However, like many parents, the Cambridges now face a tricky decision in the next few months.
Across England, a tier system has been implemented to tackle the spread of coronavirus.
This means your lockdown restrictions are dependent on the tier you are living in, with Tier 3 being the most severe.
The severity of coronavirus cases in your area determines which tier you are placed in, and can limit which businesses can open and who you can spend time with.
READ MORE: Camilla heartbreak: Family’s worries about Charles taking throne
Much of England is in Tier 1, with some areas in Tier 2 and Tier 3 as the Government sees fit.
As such, the impending Christmas season may prove problematic – especially for large families.
Tiers are constantly changing depending on the level of COVID cases, but the entirety of England is at one of the three levels.
Come Christmas it is anyone’s guess which Tier their area will be under, however, even at Tier 1, there could be difficulties.
So for Kate, Prince William and their three young children, they can only meet with one other person before exceeding the rule of six.
This means the Cambridges may face a Christmas as a family of five away from the Royal Family and Kate’s family this year.
The Royal Family typically gather at Sandringham on Christmas Eve for an afternoon of festivities including finishing decorating the Queen’s Christmas trees, dining and opening presents.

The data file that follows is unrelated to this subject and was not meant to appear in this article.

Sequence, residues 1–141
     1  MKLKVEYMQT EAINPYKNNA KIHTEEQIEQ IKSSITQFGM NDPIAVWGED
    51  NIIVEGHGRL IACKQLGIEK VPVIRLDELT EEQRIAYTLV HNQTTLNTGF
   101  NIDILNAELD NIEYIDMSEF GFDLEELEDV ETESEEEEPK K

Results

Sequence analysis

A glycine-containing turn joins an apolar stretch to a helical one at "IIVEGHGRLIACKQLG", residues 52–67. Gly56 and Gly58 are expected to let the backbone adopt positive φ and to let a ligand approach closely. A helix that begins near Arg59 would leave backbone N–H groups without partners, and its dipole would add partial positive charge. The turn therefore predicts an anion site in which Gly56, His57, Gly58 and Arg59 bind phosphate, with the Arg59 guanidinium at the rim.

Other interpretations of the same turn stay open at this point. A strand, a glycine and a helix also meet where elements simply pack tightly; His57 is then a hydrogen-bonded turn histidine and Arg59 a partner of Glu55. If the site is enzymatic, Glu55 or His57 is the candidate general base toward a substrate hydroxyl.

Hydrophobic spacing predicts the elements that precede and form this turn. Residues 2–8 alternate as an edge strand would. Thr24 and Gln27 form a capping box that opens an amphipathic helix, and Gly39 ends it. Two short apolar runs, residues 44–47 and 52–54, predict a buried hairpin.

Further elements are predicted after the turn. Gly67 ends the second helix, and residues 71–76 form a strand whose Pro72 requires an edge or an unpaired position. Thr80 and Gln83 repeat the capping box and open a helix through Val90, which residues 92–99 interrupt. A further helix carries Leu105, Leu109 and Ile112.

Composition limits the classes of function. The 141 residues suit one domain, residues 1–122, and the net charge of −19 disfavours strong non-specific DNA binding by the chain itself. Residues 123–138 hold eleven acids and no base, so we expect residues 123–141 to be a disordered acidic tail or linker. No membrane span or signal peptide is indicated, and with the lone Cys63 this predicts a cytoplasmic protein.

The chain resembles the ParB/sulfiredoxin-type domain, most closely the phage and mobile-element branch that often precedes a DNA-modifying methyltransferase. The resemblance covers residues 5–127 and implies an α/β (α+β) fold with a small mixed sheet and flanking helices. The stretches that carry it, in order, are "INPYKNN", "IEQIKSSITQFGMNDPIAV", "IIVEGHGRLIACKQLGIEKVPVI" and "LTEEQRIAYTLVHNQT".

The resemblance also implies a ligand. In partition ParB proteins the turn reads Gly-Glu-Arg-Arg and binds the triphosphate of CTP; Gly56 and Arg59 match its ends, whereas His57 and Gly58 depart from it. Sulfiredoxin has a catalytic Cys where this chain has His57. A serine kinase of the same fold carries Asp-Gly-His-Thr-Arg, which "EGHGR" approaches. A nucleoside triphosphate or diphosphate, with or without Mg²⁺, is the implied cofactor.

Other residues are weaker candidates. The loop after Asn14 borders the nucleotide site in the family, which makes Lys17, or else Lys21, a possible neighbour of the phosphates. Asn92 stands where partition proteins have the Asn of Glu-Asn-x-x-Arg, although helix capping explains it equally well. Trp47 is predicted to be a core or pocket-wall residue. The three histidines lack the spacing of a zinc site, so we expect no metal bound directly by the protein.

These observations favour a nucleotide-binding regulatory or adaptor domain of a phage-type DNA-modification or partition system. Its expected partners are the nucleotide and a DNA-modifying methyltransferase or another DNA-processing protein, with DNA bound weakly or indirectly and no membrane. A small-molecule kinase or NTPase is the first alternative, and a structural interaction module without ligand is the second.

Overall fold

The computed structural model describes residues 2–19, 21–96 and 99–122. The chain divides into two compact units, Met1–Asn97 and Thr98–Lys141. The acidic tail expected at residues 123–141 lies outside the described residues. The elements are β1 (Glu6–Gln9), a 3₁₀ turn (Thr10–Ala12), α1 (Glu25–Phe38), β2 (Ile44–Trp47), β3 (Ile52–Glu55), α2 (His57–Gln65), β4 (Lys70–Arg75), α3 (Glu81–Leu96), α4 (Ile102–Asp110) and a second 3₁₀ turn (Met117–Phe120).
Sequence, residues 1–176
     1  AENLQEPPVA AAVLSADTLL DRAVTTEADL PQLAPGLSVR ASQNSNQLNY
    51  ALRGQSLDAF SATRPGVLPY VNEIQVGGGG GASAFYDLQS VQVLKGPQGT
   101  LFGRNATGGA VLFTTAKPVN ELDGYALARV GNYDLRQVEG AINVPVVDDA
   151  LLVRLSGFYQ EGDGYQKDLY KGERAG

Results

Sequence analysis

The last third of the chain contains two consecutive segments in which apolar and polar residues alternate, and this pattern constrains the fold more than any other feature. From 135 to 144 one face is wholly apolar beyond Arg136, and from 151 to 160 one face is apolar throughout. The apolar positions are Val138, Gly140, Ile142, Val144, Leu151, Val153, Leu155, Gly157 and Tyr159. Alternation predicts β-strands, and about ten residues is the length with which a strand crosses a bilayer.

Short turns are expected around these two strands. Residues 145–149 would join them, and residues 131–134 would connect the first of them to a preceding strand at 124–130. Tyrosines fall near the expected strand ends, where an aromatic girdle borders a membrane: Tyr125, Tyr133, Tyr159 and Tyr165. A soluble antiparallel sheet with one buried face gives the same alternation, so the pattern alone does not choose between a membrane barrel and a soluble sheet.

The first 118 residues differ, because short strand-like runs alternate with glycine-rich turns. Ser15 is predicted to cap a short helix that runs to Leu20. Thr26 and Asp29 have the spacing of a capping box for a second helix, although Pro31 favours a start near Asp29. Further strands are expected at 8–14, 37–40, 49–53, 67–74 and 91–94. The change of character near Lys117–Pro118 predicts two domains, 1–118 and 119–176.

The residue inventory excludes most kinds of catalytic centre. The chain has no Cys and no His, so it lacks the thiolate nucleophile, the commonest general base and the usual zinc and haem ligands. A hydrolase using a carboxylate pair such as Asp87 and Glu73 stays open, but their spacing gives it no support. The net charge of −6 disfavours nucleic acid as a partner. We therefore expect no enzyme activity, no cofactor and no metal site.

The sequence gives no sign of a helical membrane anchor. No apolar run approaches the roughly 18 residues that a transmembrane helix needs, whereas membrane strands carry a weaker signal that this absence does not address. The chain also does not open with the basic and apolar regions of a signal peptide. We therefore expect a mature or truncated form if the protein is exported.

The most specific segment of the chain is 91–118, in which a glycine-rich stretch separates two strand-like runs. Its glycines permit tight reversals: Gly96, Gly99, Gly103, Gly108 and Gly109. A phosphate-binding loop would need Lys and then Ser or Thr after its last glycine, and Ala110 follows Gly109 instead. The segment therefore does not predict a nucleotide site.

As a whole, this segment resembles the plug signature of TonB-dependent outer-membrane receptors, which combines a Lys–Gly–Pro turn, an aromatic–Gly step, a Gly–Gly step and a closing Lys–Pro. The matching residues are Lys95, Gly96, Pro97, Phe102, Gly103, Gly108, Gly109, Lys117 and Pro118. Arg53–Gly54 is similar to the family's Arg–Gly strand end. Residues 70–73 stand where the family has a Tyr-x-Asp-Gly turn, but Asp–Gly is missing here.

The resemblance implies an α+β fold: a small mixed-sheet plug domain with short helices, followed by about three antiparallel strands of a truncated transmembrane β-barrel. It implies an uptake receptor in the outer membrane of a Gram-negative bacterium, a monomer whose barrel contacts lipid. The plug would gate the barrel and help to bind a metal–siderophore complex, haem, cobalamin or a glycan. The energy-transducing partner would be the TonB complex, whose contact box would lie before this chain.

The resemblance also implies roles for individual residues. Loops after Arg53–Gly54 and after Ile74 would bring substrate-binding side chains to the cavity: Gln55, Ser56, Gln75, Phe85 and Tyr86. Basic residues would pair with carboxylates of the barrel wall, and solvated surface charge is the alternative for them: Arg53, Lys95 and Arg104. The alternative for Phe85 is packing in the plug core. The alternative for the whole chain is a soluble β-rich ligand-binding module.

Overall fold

They then attend Mary Magdalene Church in Sandringham as a family, with crowds often flocking to see them walk to church.
However, with crowds most definitely not permitted – it is likely any trip to church would be private this year.
The Queen, 94, may not attend church on Christmas day at all – given her at-risk status due to her age.
Older people are at risk of developing complications should they catch COVID-19 – which is why so many have been asked to shield in recent months.
Kate has also spent Christmas with her family, visiting her mother and father Carole and Michael Middleton.
However, visiting just her parents would push the number of people to seven, flouting the rule of six.
Kate could take her young brood to visit her parents without William, however, this would be a tough decision to make for the family.
This doesn’t even factor in her sister Pippa and brother-in-law James Matthews and their son Arthur, or her brother James Middleton and his fiance Alizée Thevenet.
Exactly how the Royal Family will spend Christmas remains to be seen, however like much of the UK it will undoubtedly be very different from years gone by.